The PKK took up its armed struggle in 1984, sparking a conflict that has claimed about 45,000 lives
A PKK fighter aims his rifle during a training session in northern Iraq. Some 500 Kurdish rebels have been killed over the past month by Turkish security forces, Prime Minister Recep Tayyip Erdogan said Monday. © Mustafa Ozer - AFP/File
The PKK took up its armed struggle in 1984, sparking a conflict that has claimed about 45,000 lives
AFP
Last updated: September 17, 2012

Turkish PM: Some 500 Kurdish rebels killed in one month

Some 500 Kurdish rebels have been killed over the past month by Turkish security forces, Prime Minister Recep Tayyip Erdogan said Monday.

"In operations held during the past month, some 500 terrorists were rendered ineffective in the (southeast) region," Erdogan said in remarks televised by NTV news channel.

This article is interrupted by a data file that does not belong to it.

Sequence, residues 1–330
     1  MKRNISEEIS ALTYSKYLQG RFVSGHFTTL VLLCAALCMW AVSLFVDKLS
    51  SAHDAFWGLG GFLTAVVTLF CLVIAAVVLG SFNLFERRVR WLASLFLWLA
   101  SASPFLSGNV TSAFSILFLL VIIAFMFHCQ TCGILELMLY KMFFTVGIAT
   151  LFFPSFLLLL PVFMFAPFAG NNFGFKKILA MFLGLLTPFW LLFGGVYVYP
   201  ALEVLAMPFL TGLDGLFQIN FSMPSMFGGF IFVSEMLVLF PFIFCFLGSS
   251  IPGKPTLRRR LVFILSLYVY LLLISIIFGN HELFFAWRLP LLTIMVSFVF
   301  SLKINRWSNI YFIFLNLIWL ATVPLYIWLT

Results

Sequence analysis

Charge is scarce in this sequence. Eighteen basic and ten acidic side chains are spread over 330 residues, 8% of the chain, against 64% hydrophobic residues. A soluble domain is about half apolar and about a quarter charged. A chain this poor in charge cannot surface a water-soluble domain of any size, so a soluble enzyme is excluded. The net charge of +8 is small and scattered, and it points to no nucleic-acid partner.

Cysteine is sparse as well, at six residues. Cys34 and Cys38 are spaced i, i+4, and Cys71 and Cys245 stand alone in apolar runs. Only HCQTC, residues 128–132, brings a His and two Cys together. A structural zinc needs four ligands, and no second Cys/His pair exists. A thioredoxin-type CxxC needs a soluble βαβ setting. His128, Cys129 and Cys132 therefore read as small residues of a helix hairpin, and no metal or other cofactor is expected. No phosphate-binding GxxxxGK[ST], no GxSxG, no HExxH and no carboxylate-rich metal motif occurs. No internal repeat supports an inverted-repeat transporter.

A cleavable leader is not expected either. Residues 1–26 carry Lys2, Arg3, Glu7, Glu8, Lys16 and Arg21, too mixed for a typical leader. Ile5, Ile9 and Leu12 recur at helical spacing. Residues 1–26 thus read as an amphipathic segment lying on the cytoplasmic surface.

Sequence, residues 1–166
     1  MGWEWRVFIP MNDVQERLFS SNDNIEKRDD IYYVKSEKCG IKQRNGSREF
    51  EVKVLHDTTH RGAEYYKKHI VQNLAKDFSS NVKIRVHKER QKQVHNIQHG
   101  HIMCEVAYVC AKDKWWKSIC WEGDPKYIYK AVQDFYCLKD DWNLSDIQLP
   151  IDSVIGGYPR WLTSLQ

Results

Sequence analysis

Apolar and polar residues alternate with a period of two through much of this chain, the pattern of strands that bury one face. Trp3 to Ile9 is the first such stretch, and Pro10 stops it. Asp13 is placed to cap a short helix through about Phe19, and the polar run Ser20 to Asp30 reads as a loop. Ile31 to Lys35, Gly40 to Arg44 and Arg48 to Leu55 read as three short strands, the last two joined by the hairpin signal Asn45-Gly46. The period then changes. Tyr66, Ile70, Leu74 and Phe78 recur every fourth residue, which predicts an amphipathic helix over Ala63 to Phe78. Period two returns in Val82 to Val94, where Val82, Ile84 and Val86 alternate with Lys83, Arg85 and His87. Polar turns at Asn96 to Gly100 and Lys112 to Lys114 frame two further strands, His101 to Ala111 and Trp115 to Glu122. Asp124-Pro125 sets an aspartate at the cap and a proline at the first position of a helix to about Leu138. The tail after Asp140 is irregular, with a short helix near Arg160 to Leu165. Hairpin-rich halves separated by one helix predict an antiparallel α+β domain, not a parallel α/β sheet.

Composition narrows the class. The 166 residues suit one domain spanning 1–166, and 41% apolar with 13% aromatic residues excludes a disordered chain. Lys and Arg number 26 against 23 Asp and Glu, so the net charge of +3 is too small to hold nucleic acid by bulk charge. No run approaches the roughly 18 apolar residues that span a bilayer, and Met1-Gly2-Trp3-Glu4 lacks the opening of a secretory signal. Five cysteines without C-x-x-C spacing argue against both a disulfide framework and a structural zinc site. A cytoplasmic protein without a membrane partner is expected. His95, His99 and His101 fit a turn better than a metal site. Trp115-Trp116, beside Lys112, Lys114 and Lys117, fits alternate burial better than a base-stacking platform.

The prime minister said that 123 of the rebels were killed over the past 10 days in an ongoing military operation in southeastern city of Hakkari near the border with Iraq and the site of frequent clashes between the separatists and government forces.

The recent toll comes after an army announcement earlier this month, which said that some 500 people had been killed in operations over six months between February and August.

The army statement had noted that Turkish military staged close to 1,000 operations over the last six months to drive out the rebels from the outlawed Kurdistan Workers' Party (PKK).

The PKK, considered a terrorist group by Turkey and much of the international community, took up arms in the southeast in 1984, sparking a conflict that has claimed about 45,000 lives.

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